Michigan Writers Series

Poet and Novelist F. Richard Thomas

February 11, 2000

F. Richard Thomas

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F. Richard Thomas was born in Evansville, Indiana in 1940. He attended Purdue University, University of Minnesota, and Indiana University. Currently, he is Professor of American Thought & Language at Michigan State University (since 1971) and editor/publisher of Years Press and Centering Magazine.

His publications include six chapbooks of poems; a full-length book of poetry, Frog Praises Night: Poems with Commentary (Southern Illinois University Press); a novel, Prism: The Journal of John Fish (Canoe Press); and a book on the relationship of poetry to photography, Literary Admirers of Alfred Stieglitz. He is also editor of Americans in Denmark: Comparisons of the Two Cultures by Writers, Artists, and Teachers, and The Landlocked Heart: Poems from Indiana (Indiana Writes/Indiana University). He has published in many magazines, including Articulate Magazine, Images, Poet Lore, English Journal, Beloit Poetry Journal, The Bridge, and others.

A selection of his poetry will appear in the anthology New Poems from the Third Coast, which will be published by Wayne State University in spring 2000. He has received a Michigan Council for the Arts award, a MacDowell Artist Colony fellowship, and two Fulbright Awards to teach in Denmark. He recently received a Michigan State University grant for a leave to work on an experimental novel in spring 2000. A new full-length book of his poetry, Death at Camp Pahoka, will be published by Michigan State University Press in fall 2000.

He lives with his wife, Sharon, in Haslett, Michigan, and spends part of every year in Las Cruces, New Mexico, where his son and daughter own and manage the Red Mountain Cafe.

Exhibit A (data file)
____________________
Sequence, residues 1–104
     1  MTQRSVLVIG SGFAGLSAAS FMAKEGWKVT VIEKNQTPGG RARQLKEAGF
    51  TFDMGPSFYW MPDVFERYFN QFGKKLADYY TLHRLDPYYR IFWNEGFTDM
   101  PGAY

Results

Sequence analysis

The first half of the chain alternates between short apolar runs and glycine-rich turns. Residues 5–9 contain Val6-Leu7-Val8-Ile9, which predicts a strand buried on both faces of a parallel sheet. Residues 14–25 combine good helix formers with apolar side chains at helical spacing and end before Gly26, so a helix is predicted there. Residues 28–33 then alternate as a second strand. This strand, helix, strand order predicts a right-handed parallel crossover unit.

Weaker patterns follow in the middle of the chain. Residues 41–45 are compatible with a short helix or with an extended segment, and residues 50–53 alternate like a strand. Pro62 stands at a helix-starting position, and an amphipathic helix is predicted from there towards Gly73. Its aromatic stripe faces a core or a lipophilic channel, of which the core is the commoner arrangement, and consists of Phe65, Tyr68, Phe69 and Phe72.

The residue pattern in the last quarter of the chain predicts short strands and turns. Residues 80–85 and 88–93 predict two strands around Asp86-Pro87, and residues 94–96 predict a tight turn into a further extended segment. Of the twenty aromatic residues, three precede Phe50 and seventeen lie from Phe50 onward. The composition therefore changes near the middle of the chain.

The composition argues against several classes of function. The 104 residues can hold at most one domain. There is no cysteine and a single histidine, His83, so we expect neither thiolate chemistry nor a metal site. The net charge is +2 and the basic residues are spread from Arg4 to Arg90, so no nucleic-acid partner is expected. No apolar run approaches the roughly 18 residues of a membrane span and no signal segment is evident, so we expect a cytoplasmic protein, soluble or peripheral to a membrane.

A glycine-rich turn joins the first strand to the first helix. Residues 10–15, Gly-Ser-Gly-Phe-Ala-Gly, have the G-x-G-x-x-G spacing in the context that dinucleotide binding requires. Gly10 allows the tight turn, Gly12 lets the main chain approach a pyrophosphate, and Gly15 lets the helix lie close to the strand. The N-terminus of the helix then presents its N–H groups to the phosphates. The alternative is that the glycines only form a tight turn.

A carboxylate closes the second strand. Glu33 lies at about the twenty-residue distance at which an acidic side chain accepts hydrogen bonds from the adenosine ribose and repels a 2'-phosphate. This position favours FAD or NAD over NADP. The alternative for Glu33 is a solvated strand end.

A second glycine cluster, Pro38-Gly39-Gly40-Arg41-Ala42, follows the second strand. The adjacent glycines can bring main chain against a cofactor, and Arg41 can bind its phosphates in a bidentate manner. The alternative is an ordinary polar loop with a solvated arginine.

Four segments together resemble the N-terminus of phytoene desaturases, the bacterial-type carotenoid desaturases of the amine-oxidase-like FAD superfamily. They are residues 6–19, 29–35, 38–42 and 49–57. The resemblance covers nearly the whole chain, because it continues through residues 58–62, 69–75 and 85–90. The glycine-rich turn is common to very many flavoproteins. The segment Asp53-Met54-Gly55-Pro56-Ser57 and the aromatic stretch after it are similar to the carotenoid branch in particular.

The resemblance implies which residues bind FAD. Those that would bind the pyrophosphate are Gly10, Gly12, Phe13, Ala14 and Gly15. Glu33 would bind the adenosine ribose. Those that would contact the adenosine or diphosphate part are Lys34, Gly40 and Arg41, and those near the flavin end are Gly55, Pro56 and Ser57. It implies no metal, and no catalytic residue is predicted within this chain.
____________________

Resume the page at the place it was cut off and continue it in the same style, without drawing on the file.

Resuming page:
"The power of an individual poet's work depends upon intensity of vision. With the subjects he has chosen to write about in Death at Camp Pahoka-science, spirituality/religion, sexuality, family, and community-F. Richard Thomas is clearly obsessed. Focusing on the richness of language and content, his poems are at once accessible, yet profound. Additionally, all of the poems, while grounded in the "real" and the "physical," have a metaphysical twist to them. At their best, they cannot be read without the reader being momentarily lifted up and out of the physical world into wonder. This collection is one that reveals the beauty, joy, and pain of daily life, a fascinating life rich in uncertainty and chaos, a life that presents an unlimited number of situations on which the metaphysical light of poetry can be cast. Whether it's food, family, or travel, Dick Thomas has a different slant on the subject. His is a voice laced with love and anger, frustration and humor, the voice of a man simply trying to get home no matter where he happens to be." -Roger Pfingston, author of Something Iridescent